glbtq: an encyclopedia of gay, lesbian, bisexual, transgender & queer culture
social sciences
special features
about glbtq


   member name
   Forgot Your Password?  
Not a Member Yet?  

  Advertising Opportunities
  Permissions & Licensing
  Terms of Service
  Privacy Policy






Alpha Index:  A-B  C-F  G-K  L-Q  R-S  T-Z

Subjects:  A-B  C-E  F-L  M-Z

Kulp, Nancy (1921-1991)  
page: 1  2  

Kulp died of cancer at her home in Palm Desert, California on February 3, 1991.

Lesbian News hailed Kulp for creating a role model for young lesbians in the 1960s with the Jane Hathaway character, who was intelligent, decisive, respected, self-sufficient--and a member of a women-only bird-watching club.

While Kulp may have projected a lesbian image in her work, she did not proclaim her own lesbian identity publicly. Like many other actors of her era, including Rock Hudson, with whom she worked in Strange Bedfellows, she undoubtedly realized that revealing her sexual orientation could seriously jeopardize--indeed, possibly end--a career.

In a 1989 interview with Boze Hadleigh, Kulp was painfully circumspect in speaking of her sexual identity.

"As long as you reproduce my reply word for word, and the question, you may use it," she told him. "I'd appreciate it if you'd let me phrase the question. There is more than one way. Here's how I would ask it: 'Do you think that opposites attract?' My own reply would be that I'm the other sort--I find that birds of a feather flock together. That answers your question." Never in the course of the interview did she refer to herself as a lesbian.

When not focusing on what Hadleigh called "the Big Question," which Kulp corrected to "the Fatal Question" in terms of show business, she spoke more freely, decrying the fact that when the media present human interest stories "they mean heterosexual human interest, exclusively"; responding to a question about "a significant other" in her life with a coy "Into each life a little romance must fall"; and expressing admiration for gay Massachusetts Congressman Barney Frank, who, she noted, had been outed.

Asked if she would have come out as a member of Congress, Kulp replied, "Not voluntarily. If I were outed, then I would not deny it." After further discussion she added, "If one is past fifty or sixty, it's almost like saying that most of your life you've been too embarrassed to admit it or to speak up."

Unfortunately for Kulp, she lived in a time and a culture in which an acknowledgment of one's homosexuality was defined as an admission, and she worked in an industry in which speaking up about it constituted answering a "fatal question" professionally.

Linda Rapp

  <previous page   page: 1  2    

Contact Us
Join the Discussion
Related Entries
More Entries by this contributor
A Bibliography on this Topic

Citation Information
More Entries about The Arts

   Related Entries
arts >> Overview:  American Television, Situation Comedies

American television sitcoms have consistently reflected the presence of gay, lesbian, bisexual, and transgendered people, often in distorted and stereotyped ways, but occasionally in ways that acknowledge our humanity and complexity.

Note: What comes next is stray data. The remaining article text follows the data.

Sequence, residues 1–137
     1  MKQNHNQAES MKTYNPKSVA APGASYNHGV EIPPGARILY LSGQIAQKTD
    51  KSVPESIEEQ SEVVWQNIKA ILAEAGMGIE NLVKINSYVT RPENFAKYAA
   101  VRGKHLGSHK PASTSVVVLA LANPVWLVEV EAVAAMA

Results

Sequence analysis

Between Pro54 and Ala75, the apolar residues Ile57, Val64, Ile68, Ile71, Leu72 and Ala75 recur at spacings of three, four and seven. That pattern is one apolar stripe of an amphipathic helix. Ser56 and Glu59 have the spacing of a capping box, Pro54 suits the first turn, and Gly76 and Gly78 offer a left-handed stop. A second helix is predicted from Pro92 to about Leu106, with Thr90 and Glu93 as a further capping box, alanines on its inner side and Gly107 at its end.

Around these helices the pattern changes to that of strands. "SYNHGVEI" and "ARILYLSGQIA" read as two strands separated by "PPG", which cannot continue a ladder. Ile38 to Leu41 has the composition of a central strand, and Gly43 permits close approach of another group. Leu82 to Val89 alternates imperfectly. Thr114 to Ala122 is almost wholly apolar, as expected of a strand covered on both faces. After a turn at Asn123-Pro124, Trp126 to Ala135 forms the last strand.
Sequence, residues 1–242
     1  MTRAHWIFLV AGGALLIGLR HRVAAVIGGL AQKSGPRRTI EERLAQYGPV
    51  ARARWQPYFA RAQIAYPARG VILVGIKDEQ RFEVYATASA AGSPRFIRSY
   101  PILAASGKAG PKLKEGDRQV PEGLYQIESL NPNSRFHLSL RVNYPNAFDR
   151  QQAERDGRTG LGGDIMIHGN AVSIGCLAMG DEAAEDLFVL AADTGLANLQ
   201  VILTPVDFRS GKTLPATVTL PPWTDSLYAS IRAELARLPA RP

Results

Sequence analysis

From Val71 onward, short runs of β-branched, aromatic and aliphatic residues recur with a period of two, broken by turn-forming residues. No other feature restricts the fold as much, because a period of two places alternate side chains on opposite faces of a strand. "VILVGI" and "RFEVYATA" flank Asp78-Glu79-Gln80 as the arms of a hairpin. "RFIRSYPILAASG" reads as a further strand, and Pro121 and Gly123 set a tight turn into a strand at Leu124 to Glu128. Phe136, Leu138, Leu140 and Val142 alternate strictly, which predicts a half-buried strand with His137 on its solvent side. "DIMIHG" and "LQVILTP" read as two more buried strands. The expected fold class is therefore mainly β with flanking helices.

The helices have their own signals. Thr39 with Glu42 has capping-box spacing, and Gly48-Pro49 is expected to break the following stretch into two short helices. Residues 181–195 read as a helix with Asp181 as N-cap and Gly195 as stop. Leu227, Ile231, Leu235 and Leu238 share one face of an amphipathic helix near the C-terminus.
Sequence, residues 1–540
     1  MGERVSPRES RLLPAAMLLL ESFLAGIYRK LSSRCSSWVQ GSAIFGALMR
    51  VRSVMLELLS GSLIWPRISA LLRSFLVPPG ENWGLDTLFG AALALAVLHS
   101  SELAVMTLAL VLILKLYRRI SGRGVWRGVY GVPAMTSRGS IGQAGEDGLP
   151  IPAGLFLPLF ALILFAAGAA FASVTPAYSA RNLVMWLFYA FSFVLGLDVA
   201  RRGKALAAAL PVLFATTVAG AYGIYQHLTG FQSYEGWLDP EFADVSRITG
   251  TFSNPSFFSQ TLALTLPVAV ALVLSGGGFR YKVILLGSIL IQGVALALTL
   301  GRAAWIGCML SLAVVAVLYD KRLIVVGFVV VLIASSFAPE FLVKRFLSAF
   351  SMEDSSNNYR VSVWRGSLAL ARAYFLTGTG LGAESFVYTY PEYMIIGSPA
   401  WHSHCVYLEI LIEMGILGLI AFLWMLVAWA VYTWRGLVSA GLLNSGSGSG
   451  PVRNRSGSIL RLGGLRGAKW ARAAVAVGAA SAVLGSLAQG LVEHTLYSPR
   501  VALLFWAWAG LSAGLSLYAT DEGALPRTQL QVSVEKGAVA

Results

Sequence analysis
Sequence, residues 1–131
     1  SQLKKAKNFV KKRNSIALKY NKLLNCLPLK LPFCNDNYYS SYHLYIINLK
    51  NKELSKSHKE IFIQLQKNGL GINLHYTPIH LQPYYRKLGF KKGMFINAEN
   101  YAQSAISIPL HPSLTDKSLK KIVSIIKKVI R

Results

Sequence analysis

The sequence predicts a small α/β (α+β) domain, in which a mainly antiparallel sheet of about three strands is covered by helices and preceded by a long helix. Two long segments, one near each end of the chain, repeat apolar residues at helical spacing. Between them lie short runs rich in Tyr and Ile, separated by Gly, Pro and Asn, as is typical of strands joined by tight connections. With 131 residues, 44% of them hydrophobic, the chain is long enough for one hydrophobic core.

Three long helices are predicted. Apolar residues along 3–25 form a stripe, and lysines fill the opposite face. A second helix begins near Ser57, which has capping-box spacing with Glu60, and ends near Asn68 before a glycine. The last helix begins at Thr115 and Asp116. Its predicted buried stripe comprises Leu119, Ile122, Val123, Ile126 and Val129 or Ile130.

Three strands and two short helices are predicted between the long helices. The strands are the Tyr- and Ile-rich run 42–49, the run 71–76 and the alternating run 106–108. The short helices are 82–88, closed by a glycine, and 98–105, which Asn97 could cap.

arts >> Overview:  Film Actors: Lesbian

Lesbian actresses have played a significant role in Hollywood, but their contributions have rarely been recognized or spoken of openly; the "lavender marriage" is by no means a relic of the past.

arts >> Cukor, George

Responsible for many of the most popular and critically praised films of Hollywood's golden age, George Cukor became typed as a "woman's director," a phrase that may have also alluded to his homosexuality.

arts >> Flynn, Errol

Handsome, athletic, graceful, and charismatic, actor Errol Flynn was widely rumored to enjoy sexual relations with men as well as women.

social sciences >> Frank, Barney

Openly gay U. S. congressman Barney Frank has been a leader not only in the cause of gay and lesbian rights but also on issues including fair housing, consumer rights, banking, and immigration.

arts >> Hudson, Rock

A product of Hollywood's star system, Rock Hudson became an international symbol of heterosexuality, wearing a mask until it was savagely ripped off when he was diagnosed with AIDS.

arts >> Tomlin, Lily

Less well-known for being herself than for the many memorable personages she "becomes" during her performances, comedienne Lily Tomlin has long been a supporter of gay and lesbian rights, but only recently came out herself.


"Beverly Hillbilly Nancy Kulp Is Now Hell-bent for Congress." People Weekly 22 (November 5, 1984): 77.

Hadleigh, Boze. "Nancy Kulp." Hollywood Lesbians. New York: Barricade Books, 1994. 77-96.

"Nancy Kulp, 'Beverly Hillbillies' Star, '84 House Hopeful." Chicago Sun-Times (February 5, 1991): 54.

Voorhees, John. "Nancy Kulp Is Enjoying Her Latest Role as a 'Hillbillies' Host." Seattle Times (April 5, 1987): 9.


    Citation Information
    Author: Rapp, Linda  
    Entry Title: Kulp, Nancy  
    General Editor: Claude J. Summers  
    Publication Name: glbtq: An Encyclopedia of Gay, Lesbian, Bisexual,
Transgender, and Queer Culture
    Publication Date: 2005  
    Date Last Updated August 17, 2005  
    Web Address  
    Publisher glbtq, Inc.
1130 West Adams
Chicago, IL   60607
    Today's Date  
    Encyclopedia Copyright: © 2002-2006, glbtq, Inc.  
    Entry Copyright © 2005, glbtq, inc.  


This Entry Copyright © 2005, glbtq, inc. is produced by glbtq, Inc., 1130 West Adams Street, Chicago, IL   60607 glbtq™ and its logo are trademarks of glbtq, Inc.
This site and its contents Copyright © 2002-2006, glbtq, Inc.  All Rights Reserved.
Your use of this site indicates that you accept its Terms of Service.